The key to successful business is knowing your business inside out, having confidence in your ability to offer those services and knowing the right questions to ask prospective clients.
The latter is just as important as the former two points.
Because for you to be able to effectively help a business, you need to get to the crux of their needs. Not just what they think they need.
Effective communication is the only way to establish this.
In an earlier article I outlined ten questions for you to answer. Questions that will help you fully understand what services you offer, or more importantly what services you want to offer, and why businesses are in need of those services.
Today I’m going to outline ten questions you should ask any prospective client early on.
Questions that will help you:
- Find out about their business
- Understand their support needs
- Determine if it’s a business you want to work with
Again the latter point is equally important.
But also, by being prepared with these questions (and any others you feel are relevant) your prospective client will get a sense of the professional that you are.
So many ‘Virtual Assistants’ call themselves that, but go about their work with little respect for what they do or for what their clients do. They simply want the money.
These ‘VA’s’ are easy to spot.
- No professional website
- No testimonials
- No set procedures
- No contracts
- Low rates
- (Haven’t signed up to our mailing list … haha!)
Want to be seen as a true professional?
Don’t fall into the same category.
Get your systems in place and you’ll appear more professional to others, as well as to yourself.
We’ve talked before about working with the right clients for greater business success – the better your business ethoses align, the more likely you’ll be compatible and have a long-term working relationship.
With that in mind, here are ten questions you should ask a prospective client to help find out if they are a good fit for your business, or not.
Q1. Describe your business to me
Q2. What exactly do you do?
Q3. Who are your target market, and where are they based?
Although you will have done your own research upfront (more on that later), you need to get their take on their business first hand.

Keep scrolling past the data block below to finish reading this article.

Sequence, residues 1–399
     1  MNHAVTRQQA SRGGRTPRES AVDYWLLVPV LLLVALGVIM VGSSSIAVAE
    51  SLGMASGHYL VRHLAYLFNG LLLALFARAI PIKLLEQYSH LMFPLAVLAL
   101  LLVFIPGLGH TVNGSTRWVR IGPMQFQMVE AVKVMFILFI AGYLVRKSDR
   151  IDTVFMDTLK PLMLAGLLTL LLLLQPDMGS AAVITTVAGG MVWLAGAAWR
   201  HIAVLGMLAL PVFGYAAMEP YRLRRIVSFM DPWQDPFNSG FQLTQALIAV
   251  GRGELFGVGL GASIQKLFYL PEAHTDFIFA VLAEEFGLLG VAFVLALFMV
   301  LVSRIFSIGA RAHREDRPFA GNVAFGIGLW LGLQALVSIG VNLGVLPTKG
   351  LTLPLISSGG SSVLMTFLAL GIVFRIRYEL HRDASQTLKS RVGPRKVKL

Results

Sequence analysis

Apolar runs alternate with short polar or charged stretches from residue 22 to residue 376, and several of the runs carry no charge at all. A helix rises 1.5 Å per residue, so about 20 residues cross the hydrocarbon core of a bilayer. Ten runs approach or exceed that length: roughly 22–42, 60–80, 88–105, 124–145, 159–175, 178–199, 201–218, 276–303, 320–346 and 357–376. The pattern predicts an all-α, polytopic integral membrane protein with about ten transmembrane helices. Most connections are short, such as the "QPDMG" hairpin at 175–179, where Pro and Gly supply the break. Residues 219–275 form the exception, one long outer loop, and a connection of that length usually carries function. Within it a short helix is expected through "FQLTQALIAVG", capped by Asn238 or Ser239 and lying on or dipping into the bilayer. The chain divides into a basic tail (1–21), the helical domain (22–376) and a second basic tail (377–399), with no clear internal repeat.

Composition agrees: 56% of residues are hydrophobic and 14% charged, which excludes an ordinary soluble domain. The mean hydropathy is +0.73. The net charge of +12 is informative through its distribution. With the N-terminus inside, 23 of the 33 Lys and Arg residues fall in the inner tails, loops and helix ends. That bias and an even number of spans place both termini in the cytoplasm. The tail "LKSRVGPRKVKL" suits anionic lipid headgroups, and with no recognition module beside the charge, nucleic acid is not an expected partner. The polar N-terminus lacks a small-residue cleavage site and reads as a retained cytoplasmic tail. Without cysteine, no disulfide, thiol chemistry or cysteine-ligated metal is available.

Finding out what they do and who they are targeting, will help you decide if this is
a) an industry / area you’re interested in,
b) if you have experience in it already (making it an easier win), and
c) if you feel it may not be right for you due to experience, skills or desire.
Q4. What tasks do you think you need help with?
Q5. How much time do you currently spend on those tasks?
Both these questions are important to ascertain the client’s level of understanding for what you do.
For example, if they spend a lot of time responding to their customers / clients via email and social media channels and want you to take on that work, you know straight away if this is something you’re willing to provide.
Some VA’s do offer these services, others don’t.
Finding out right off the bat what they need, will determine whether to continue with the conversation or not.
Q6. Explain the systems / software / technology that you currently use?
Q7. Are you open to alternative solutions?
Here you’ll discover if the current solutions are in line with your own – do you have experience in them already? Are you willing to learn if necessary?
Or, to find out if the prospective client is prepared to change – you may have better systems and are keen to upgrade theirs for better ongoing management.
Q8. What are your expectations of the working relationship?
Q9. Do you have a timescale for the support requirements?
These last three questions (if you’ve made it this far with your prospect!) will help you judge whether they (or you) see this as a long-term relationship.
They will also give an indication of the time you’ll need to spend each week or month on their work – is that feasible for you with your current workload? Or if you would really like the work, are you prepared to lose another client to make room for this one?
Q10. What is your (weekly / monthly) budget?
And the final question, yet one of the most important, what’s their budget?
After finding out the work that’s involved, you’ll have a good idea of how much time you’ll need to spend each week or month.
Does this align with their budget?
If not, now’s the time to clarify the tasks spec, versus your rate. It’s always better to be upfront and transparent from the start – don’t shy away from it as it’ll only come back to bite you later down the line anyway.
So those are the main questions to ask potential new clients.
But it’s also worth mentioning, that it’s important to have as much information on the prospective client before the call.
Here are some suggestions on how to gather that information:
- Company website
- About page
- Services / products page
- Testimonials page
- Existing clients / customer page (if applicable)
- Social media profiles
- Google search on company / person’s name
Do you have any other processes in place when talking to new clients?